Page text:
You will trek among some of the most remote natural areas of Thailand, visiting local villages like Huay Hee Karen, and get a glance of their daily life in the midst of nature. Tours on this route usually include a night in a local homestay, where you will be entertained by ritual singers and sword dancers.
To cover this route, you will have to trek for two days, 6 to 8 hours each day.
Doi Inthanon is a national park near Chiang Mai, known as “the roof of Thailand”. Due to its high elevation, the park is humid and cool all year round. There are many trails you can follow. Kew Mae Pan suits everyone, and it is perfect if you don’t have a lot of time.
The trail goes through evergreen forests to reach the highest peak of the country, and it is filled with wild animals and rare exotic plants. Walk slowly, and take your time to observe carefully all the natural wonders around you. One of the highlights of the trek are the giant rhododendron trees.
Be sure to stop and admire the breathtaking view from the many view points, and to make a visit to the stupas built to honor the King and the Queen. This route can be covered in about 4 or 5 hours, depending on your fitness level and the weather conditions.
Venturing into a jungle or getting in touch with a remote tribe is not something you can do every day. The jungle near Kanchanaburi gives you exactly the opportunity to do so. At the beginning, you will walk among banana trees, and the trail is quite easy. The trail will then keep going with various levels of difficulty, until you will reach the Kratengjeng waterfalls, where you can rest and relax.
A longer journey inside the jungle (up to two days) will give you the opportunity to visit a village of the Karen tribe, maybe sleeping in a bamboo hut, eating local food, and watching a dance show. The day after, you will continue on the river Kwai on a bamboo raft and then board on the Death Railway.
The jungle on this trail is thick, and we recommend wearing long pants and a pair of good boots. You can trek trough the jungle for about 5km, which should take slightly more than 3 hours.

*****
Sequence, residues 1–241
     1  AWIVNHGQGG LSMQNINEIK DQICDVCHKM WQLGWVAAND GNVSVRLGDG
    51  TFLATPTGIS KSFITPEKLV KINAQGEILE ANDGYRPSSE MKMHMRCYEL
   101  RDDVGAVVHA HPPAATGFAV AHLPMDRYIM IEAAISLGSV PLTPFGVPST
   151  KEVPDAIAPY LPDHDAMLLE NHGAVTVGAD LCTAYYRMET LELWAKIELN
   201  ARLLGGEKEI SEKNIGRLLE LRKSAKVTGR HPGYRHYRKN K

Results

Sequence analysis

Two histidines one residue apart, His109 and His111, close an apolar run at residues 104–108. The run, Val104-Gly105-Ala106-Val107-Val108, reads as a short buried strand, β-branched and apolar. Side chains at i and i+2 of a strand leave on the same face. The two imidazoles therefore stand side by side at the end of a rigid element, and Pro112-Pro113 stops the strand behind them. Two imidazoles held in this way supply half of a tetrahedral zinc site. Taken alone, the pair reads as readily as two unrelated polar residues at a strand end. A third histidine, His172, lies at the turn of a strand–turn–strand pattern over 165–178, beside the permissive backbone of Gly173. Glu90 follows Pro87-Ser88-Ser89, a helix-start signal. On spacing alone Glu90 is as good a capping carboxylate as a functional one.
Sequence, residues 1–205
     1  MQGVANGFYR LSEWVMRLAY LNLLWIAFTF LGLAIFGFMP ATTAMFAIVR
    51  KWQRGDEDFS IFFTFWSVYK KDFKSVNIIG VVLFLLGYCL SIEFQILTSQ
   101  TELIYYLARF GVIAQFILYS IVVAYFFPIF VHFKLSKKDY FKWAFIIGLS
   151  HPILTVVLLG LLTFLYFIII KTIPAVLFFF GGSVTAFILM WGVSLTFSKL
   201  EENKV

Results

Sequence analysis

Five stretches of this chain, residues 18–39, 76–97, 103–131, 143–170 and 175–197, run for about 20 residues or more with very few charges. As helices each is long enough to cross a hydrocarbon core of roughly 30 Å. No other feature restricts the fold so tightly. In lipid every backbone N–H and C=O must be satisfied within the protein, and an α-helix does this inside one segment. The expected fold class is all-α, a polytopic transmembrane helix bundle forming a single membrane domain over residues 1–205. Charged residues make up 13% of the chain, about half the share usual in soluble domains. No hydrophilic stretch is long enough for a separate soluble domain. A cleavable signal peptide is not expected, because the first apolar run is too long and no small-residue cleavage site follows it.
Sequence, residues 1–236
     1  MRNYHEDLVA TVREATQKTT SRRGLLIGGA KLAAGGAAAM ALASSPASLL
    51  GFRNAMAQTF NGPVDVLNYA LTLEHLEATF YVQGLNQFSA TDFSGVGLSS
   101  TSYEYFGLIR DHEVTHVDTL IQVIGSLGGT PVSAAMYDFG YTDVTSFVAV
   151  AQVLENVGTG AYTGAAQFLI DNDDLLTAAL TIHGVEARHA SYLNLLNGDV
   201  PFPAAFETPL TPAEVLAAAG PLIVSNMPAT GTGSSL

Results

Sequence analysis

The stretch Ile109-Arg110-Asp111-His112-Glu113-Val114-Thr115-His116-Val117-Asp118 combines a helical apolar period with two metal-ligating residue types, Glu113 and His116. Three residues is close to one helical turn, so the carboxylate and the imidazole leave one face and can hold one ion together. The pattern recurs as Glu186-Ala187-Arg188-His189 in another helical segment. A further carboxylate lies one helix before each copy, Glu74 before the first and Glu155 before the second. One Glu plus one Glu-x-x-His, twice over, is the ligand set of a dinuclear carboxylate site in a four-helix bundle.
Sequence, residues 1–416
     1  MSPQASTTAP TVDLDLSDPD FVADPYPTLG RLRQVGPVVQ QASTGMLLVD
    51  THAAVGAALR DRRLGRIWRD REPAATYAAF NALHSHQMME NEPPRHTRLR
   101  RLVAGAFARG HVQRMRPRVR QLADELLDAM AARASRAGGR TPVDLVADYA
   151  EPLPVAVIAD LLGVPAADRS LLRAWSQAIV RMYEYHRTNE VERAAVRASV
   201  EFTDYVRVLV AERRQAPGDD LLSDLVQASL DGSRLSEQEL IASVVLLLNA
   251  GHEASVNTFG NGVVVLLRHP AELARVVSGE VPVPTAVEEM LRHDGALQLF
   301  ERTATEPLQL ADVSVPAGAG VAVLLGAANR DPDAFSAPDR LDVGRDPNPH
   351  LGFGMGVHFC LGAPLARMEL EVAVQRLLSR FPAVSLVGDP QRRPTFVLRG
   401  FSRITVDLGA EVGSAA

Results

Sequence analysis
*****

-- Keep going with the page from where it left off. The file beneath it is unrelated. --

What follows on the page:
The importance on relying on professional help can never be stressed enough. It is the best way to ensure your safety and the best possible experience.
Venturing by yourself in the jungle of a distant country is not a good idea. A knowledgeable guide knows how to orientate, how to take care of you and to solve any possible problems. It can be a precious help when choosing your itinerary and a valuable teacher to instruct you about the ecosystem you are exploring. He/she can give you an unbeatable perspective about nature and its wonders.
Trekking means exploring remote areas, immersing yourself in nature, being surrounded by wildlife. It also means that you have to be prepared. You will walk for a long time far away from civilization, and so you will have to be ready for anything.
But don’t worry! We have gathered some tips you might find useful when trekking in Thailand:
Certainly, a trekking trip can be accomplished on your own with only a map, a trekking pole and a bottle of water in your hand. Or by joining a trekking group with a bunch of strangers of uneven fitness status.
However, to make it even more worthwhile, you will need a keen guide who is not only able to lead you to the best scenic spot, but also to invite you to the local people’s life. This is what we excel in. Talk to us and get more ideas now: